From Tim Burton comes this biopic about artist Margaret Keane. Margaret (Amy Adams) is a divorced single mother and aspiring artist, who paints portraits of big eyed girls inspired by her daughter. Margaret meets another artist named Walter Keane (Christoph Waltz) and the two end up quickly getting married. As a much more charismatic person, Walter is able to make Margaret’s big-eyed portraits a hit. However, since they are simply signed “Keane,” Walter ends up taking all of the credit, while Margaret quietly has to go along with this con.
Without a doubt, Big Eyes is a different type of film for Tim Burton. It is a by-far his most dramatic work, which sees him reteaming with Ed Wood screenwriters Scott Alexander and Larry Karaszewski.
One thing that makes Big Eyes an endearing film to watch is the lead performances by Amy Adams and Christoph Waltz as Margaret and Walter Keane. Waltz is particularly fun to watch, especially later in the film when he is shown to be a complete scumbag. Essentially, the Big Eyes is all about Margaret learning to stand up for herself, after years of being submissive to Walter. The cast of the film also features Danny Huston as gossip columnist Dick Nolan, who acts as the film’s narrator, Jason Schwartzman as snobby gallery owner Ruben and a memorable appearance by Terrence Stamp as venomous art critic John Canaday.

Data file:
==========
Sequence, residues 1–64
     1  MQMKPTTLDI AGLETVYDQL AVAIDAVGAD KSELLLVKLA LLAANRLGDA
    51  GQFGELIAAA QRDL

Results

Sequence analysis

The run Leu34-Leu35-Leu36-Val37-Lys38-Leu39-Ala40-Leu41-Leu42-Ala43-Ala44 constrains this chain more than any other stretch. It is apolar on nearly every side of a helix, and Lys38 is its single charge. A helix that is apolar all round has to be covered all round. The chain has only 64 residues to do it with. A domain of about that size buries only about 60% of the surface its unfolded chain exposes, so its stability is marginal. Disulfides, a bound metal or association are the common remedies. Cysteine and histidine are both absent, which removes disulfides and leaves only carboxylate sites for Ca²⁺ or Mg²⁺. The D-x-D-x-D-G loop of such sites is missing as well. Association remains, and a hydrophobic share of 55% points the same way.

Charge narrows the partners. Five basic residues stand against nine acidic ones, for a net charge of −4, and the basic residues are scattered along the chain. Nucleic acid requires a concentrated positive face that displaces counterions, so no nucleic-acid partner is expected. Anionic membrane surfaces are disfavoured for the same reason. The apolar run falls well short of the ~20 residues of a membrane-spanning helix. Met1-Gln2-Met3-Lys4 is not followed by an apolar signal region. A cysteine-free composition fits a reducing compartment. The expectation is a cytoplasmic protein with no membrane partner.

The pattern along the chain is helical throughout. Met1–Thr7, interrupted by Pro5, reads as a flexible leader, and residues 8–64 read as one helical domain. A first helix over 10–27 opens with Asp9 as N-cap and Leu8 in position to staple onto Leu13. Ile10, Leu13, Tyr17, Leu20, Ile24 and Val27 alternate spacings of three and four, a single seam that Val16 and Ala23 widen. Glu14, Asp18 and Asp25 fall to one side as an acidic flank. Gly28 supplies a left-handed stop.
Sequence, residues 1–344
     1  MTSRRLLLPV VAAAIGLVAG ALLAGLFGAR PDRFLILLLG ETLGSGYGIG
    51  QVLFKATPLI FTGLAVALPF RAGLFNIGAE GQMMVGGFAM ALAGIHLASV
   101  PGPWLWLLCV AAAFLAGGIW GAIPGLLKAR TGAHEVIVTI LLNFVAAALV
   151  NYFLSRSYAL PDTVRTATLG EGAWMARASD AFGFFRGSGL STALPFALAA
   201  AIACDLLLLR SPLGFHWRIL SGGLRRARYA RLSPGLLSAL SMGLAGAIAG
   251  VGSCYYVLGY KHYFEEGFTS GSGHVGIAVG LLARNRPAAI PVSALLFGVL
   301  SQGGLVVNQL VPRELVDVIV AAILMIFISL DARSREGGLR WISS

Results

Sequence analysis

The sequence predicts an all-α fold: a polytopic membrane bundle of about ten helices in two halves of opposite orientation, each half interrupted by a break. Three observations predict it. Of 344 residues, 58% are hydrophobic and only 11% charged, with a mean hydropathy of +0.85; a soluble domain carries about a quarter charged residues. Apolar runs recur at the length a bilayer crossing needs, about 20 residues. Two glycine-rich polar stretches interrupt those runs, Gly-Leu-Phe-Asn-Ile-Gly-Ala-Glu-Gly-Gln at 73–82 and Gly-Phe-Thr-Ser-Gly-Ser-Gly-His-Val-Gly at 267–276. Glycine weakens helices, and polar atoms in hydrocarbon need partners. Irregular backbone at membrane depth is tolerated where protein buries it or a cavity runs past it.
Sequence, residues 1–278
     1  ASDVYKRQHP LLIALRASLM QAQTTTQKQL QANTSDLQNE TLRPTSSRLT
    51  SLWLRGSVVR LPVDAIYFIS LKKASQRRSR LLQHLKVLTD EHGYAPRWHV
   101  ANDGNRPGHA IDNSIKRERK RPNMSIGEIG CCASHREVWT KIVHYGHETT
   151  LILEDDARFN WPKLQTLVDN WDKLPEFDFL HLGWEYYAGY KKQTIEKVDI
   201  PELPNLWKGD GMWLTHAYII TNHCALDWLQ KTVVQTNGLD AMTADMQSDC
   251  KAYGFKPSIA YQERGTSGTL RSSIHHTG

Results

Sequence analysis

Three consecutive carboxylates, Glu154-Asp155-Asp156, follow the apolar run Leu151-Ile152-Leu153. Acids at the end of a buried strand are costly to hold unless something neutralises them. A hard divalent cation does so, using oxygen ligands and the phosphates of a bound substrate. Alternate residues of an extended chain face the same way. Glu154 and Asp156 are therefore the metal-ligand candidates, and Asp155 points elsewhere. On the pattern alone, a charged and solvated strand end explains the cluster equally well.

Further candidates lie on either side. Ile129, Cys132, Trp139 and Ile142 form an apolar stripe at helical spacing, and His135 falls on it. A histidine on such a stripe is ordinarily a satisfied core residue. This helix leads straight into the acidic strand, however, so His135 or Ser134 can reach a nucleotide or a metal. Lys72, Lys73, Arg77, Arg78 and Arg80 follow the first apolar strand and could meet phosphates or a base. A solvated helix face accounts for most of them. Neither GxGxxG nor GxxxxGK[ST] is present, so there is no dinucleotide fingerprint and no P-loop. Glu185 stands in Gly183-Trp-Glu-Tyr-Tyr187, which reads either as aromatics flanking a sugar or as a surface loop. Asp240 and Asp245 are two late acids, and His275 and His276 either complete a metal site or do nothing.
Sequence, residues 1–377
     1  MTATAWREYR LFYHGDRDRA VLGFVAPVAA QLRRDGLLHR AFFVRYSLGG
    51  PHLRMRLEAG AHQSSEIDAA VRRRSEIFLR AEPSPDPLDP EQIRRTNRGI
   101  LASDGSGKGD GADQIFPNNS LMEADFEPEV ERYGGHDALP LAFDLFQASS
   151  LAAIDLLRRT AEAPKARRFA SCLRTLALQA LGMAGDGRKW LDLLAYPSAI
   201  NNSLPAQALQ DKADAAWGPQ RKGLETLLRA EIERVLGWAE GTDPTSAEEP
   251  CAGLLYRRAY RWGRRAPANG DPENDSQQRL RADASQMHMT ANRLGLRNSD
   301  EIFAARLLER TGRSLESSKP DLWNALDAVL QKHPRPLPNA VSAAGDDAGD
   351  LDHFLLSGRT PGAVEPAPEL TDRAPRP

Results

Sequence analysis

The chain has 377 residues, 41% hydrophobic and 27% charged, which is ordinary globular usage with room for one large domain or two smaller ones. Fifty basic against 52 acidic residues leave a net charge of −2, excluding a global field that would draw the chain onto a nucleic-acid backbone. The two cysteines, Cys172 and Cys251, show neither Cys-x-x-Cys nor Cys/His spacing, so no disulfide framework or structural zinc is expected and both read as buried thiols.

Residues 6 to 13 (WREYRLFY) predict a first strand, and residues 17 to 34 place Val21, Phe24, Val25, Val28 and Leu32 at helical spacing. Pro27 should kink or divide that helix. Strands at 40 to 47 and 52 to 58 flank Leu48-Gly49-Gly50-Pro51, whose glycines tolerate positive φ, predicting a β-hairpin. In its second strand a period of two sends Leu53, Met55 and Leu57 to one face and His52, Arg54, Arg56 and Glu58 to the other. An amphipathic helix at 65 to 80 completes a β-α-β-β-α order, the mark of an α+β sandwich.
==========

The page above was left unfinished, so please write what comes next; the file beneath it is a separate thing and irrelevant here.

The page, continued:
In the scope of Tim Burton’s filmography, Big Eyes is definitely more in the same vein of films such as Ed Wood and Big Fish. While mostly a straight-forward drama, Burton’s influence is heavily noticed during a fantastical sequence, which features Margaret having visions of big-eyed individuals.
The fact that Big Eyes is not a typical Tim Burton film can be seen as both a good and a bad thing, based on how you look at it. On one hand, it is good that Burton is trying out different things, especially since people have started to become tired of his usual routine and frequent association with Johnny Depp and Helena Bonham Carter – neither of whom appear in this film. However, on the other hand, the film plays it pretty straight and it is not very obvious that this film was directed by one of the more imaginative directors of the last thirty years. That all said, I still have to say that Big Eyes is overall a decent enough film.8 | LIKED IT